Skip to main content
K12 LibreTexts

5.1: Quality of Light

  • Page ID
    3124
  • This lesson will help you learn and practice Quality of Light. In Get the Basics, you'll get explanations and photos to build understanding. In Explore, you'll find additional online resources to learn more. It's important to review and learn from these resources also! You'll have opportunities to practice in Build Your Skills. Finally, answer the questions in Record Your Findings at the end of this topic. Be sure to include information you learned from the Explore resources.


    Get the Basics

    Light is essential to photos. In fact, photography is the process of capturing light. So, what can happen if there's too little or too much light?

    If too little light reaches your digital camera's sensor, the results will produce photos that are too dark or even black. Three things affect exposure: shutter speed, aperture, and ISO (a rating for sensitivity to light). Your digital camera may not have ISO settings, or you may be using a smart phone with only scene modes. remember scene modes? They are auto settings that preset one or more of the exposure variables. This lesson addresses two of the exposure variables: shutter speed and aperture. If your shutter speed is fast and the aperture is small, too little light may reach the camera's sensor. This can also happen in auto mode if there's just not enough light.

    In this photo, the sky is overcast, and there is too little light. The photo looks dark, flat, and dull. The term for this is underexposed.

    overcast and dark day in the city


    Here's an example of a very underexposed photo. The photo is so dark that it's hard to see the person.

    dark underexposed photo of a person


    You see what can happen if there's too little light. What about too much light? Too much light can produce a photo that's way to bright. The term for this is overexposed. If a photo is way overexposed, the bright parts of the photo can appear all white with no details. This is called blown out. Overexposure can occur if the shutter speed is too slow and/or the aperture is too large. It can also happen in auto mode if there's just too much light.

    In this example, notice how the dogs and the background are so light that they lose all detail and run together (pun intended). Note: this photo has been edited to appear overexposed and blown out.

    sled dogs in action


    Here's another example of an overexposed, blown out photo. The background is totally white, and the bright areas of the blossoms blend with the background.

    overexposed, blown out photo of blossoms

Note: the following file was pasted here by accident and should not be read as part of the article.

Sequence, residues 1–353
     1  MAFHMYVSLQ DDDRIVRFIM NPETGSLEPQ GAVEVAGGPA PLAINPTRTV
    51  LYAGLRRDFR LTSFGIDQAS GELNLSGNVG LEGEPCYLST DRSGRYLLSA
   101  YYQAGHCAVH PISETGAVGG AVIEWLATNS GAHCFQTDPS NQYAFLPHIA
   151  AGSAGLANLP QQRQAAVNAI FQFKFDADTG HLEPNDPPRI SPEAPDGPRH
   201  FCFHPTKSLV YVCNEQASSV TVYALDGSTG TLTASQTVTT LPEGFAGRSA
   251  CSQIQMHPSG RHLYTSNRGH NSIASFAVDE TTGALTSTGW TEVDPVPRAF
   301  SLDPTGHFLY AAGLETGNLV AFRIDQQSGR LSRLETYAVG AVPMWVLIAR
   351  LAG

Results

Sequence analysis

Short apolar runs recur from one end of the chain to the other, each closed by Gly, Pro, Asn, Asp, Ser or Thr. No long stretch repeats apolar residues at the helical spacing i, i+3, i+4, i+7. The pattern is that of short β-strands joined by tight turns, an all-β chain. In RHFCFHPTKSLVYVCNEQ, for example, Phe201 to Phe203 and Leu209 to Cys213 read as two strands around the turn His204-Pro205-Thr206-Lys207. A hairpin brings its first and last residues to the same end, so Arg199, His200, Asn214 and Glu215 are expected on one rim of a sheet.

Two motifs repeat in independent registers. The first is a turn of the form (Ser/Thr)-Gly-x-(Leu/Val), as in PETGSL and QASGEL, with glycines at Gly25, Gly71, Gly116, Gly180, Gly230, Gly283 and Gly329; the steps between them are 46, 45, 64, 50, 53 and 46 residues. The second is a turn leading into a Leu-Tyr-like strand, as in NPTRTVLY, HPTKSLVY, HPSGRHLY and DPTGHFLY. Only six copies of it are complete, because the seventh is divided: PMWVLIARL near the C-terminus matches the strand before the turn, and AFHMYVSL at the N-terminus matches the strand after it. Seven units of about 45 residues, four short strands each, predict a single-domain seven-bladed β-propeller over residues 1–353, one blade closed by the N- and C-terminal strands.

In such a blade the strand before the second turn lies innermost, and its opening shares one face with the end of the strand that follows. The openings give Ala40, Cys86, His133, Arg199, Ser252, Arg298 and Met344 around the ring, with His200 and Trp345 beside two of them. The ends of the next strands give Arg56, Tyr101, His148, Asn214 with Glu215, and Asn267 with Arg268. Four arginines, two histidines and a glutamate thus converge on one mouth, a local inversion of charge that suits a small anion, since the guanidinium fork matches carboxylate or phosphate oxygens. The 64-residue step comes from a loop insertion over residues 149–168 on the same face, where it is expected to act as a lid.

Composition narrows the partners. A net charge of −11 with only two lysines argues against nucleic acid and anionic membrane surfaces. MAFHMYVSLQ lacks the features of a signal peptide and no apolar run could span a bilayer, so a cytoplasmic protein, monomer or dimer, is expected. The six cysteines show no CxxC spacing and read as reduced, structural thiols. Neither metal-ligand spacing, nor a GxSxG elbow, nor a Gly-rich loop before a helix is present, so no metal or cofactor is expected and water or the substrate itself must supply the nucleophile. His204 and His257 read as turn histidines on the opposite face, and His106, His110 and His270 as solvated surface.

Explore

    Take a quick look at the same subject photographed three ways - underexposed, correctly exposed, and overexposed - at Photographic Examples of Exposure from DigicamGuides:
    http://www.digicamguides.com/learn/exposure-examples.html

    Now, learn more about how shutter speed, aperture, (and ISO) work together at The Ultimate Beginner's Introduction to Exposure from tuts+ Photography. Focus on shutter speed and aperture, and check out the examples in the "Putting It All Together for the Perfection Exposure" section:
    http://photography.tutsplus.com/tutorials/the-ultimate-beginners-introduction-to-exposure--photo-3028


    Build Your Skills

    To build your quality of light skills, you're going to shoot photos that have too little or too much light - two photos of each.

    Review your quality of light photos. Select ONE photo for EACH too little and too much light. Share your photos with your teacher, and be prepared to discuss how they show what you’ve learned. Download your photos to a computer to keep them for the portfolio you’ll create in the end-of-course final project.


    Record Your Findings

    • What can happen to a photo when there is too little light?
    • What can happen to a photo when there is too much light?
    • What does is mean to be underexposed? Overexposed?
    • What does it mean for a photo to have an area that's blown out?
    • Describe how the quality of light in each of your selected photos affects the appearance of the photo.

    References

    Image Reference Attributions

    [Figure 1]

    Credit: Daniele Rossi; September 21, 2008
    Source: https://www.flickr.com/photos/danielerossi/2877868812/

    [Figure 2]

    Credit: Ahmad van der Breggen, January 3, 2007
    Source: https://www.flickr.com/photos/ahhhh/346221751/

    [Figure 3]

    Credit: flickrolf; December 14, 2008
    Source: http://www.flickr.com/photos/rolfnoe/3110508439/

    [Figure 4]

    Credit: Eric, April 8, 2008
    Source: https://www.flickr.com/photos/ejpphoto/2432682634/